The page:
September 17, 2006
By Manya Friedman
The Bonaventure Cemetery in Savannah, Georgia—acres of land located on the Wilmington River—is visited every year by thousands of tourists. It is a unique burial place dating back to the 18th century. In addition to the famous Georgians that are interred there, there is an unusual collection of statues telling the story of the people whose graves they adorn as well as an assortment of mausoleums and headstones. The most touching are the statuettes on the graves of young children. One reads: “Papa’s Sweetheart.” The moss-draped mighty old oaks stand erect protecting the elegant statuary and headstones. The cemetery is on the National Registry of Historic Places.
At the beginning of the 20th century, one of Savannah’s Jewish congregations purchased land in the cemetery and established a Jewish burial section. They also erected a burial preparation chapel, which was recently renovated. There is a place for services, benches for mourners, and marble plaques with some names and dates of the deceased. According to Jewish law, the Jewish section is less ornate. However, this section is easy to recognize by the many pebbles covering the headstones and graves, an indication that they have been visited by relatives and friends.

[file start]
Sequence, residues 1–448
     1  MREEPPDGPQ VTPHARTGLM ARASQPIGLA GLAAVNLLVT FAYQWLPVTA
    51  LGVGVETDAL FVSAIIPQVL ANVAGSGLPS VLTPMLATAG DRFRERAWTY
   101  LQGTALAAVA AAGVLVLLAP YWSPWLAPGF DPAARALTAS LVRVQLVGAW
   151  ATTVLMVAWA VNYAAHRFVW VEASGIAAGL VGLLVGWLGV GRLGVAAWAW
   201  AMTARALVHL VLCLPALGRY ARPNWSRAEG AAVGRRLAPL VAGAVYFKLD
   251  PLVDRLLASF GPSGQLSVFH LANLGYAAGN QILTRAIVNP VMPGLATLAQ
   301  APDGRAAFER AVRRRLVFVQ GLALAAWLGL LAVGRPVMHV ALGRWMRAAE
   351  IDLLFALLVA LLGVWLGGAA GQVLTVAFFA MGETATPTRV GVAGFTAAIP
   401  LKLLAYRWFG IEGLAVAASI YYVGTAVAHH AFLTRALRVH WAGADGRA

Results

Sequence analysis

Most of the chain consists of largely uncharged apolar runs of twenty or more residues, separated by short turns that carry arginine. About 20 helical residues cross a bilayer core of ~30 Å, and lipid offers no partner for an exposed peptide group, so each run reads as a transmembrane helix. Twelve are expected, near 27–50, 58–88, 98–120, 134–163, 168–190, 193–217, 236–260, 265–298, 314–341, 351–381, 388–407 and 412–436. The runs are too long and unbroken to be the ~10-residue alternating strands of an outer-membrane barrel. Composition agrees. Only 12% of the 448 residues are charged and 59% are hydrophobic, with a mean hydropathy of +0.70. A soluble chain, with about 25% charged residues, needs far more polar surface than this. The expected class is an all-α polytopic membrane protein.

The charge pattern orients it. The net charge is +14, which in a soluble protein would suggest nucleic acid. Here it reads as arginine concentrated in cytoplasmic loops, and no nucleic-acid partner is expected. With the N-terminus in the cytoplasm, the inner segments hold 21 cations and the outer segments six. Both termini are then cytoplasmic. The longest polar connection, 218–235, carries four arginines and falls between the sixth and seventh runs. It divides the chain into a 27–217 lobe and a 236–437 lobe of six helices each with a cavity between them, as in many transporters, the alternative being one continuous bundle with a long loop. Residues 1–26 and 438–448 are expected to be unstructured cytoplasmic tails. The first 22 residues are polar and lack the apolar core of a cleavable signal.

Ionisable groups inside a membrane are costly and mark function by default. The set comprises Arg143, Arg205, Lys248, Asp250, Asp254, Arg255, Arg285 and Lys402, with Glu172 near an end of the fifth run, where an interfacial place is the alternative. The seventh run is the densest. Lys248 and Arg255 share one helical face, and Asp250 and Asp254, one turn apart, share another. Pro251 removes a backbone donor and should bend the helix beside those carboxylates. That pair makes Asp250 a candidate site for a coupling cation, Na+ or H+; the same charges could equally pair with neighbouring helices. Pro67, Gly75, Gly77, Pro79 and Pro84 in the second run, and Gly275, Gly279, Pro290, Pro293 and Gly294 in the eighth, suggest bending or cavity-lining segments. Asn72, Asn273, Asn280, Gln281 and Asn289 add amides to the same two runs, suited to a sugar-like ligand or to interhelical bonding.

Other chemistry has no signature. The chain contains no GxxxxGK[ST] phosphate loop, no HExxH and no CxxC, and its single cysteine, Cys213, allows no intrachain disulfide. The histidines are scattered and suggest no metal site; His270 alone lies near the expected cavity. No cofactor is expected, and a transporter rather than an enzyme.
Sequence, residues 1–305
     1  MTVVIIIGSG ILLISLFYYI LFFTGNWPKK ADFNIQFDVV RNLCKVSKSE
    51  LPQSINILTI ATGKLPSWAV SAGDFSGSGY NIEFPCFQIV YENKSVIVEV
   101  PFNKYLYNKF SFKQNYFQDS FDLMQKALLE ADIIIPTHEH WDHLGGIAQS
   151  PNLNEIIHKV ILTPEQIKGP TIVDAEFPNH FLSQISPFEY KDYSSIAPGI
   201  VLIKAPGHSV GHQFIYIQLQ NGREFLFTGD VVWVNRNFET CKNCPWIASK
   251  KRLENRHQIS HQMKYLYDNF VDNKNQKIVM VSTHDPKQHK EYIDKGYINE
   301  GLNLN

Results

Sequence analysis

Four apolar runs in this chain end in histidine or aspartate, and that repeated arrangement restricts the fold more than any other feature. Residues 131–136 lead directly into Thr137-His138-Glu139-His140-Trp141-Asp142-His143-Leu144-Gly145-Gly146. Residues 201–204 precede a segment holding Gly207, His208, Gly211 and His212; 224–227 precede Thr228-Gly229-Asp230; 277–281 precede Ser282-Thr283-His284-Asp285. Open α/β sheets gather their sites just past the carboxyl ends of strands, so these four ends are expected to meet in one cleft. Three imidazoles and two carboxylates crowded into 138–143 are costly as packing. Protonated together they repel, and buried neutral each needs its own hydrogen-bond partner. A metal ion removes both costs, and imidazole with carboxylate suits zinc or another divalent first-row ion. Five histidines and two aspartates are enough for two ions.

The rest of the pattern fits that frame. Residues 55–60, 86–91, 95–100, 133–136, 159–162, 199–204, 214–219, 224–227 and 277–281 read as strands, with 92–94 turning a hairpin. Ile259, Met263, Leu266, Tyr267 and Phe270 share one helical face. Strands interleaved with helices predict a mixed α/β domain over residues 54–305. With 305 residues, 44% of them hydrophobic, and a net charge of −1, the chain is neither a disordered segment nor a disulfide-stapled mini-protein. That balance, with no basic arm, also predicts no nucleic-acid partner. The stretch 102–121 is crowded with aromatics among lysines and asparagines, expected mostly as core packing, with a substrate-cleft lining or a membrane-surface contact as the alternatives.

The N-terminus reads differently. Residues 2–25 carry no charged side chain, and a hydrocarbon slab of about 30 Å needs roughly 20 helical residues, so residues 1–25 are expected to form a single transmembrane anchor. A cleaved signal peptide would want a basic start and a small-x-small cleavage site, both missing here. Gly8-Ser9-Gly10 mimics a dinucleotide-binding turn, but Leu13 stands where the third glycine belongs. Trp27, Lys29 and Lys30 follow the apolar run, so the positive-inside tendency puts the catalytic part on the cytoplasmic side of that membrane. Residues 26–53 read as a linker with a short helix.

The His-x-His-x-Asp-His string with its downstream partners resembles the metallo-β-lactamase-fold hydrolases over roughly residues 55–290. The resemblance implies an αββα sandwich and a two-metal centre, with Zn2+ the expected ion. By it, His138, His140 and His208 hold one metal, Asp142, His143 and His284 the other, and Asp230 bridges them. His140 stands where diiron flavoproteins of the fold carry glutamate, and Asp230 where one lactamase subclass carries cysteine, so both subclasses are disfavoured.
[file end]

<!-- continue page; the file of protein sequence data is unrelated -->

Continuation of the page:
After walking through the rows of graves, reading the names and dates of several generations buried there, I came across a seemingly insignificant headstone. What caught my attention was the number of pebbles on the headstone and on the ground around it. The inscription read: “Here lieth a third of the ashes of 344 cremated sacred souls. Victims of the Nazis, including the remains of Schmul, son of Y’Cheel Szcerkowski who was killed on the third of Nison 5705—March 17, 1945 and brought here from Alem, Hanover, Germany.” The father of one of the victims brought the ashes to the United States.
I kept lingering at that grave, reading and rereading the inscription while envious thoughts started to circle in my mind. Here was a group of people killed by the murderous Nazis, but at least their ashes are buried where one can come to pray for their souls, meditate…My thoughts went back to my own parents and my two younger brothers. How I wished that there was somewhere a marker indicating their place of burial. Instead, I can only envision the smoke from the chimney rising toward the sky and a handful of ashes from the ovens of Auschwitz scattered around in the fields and blown away by the wind.
How can I place a pebble, a sign of visitation, on this headstone in the air?
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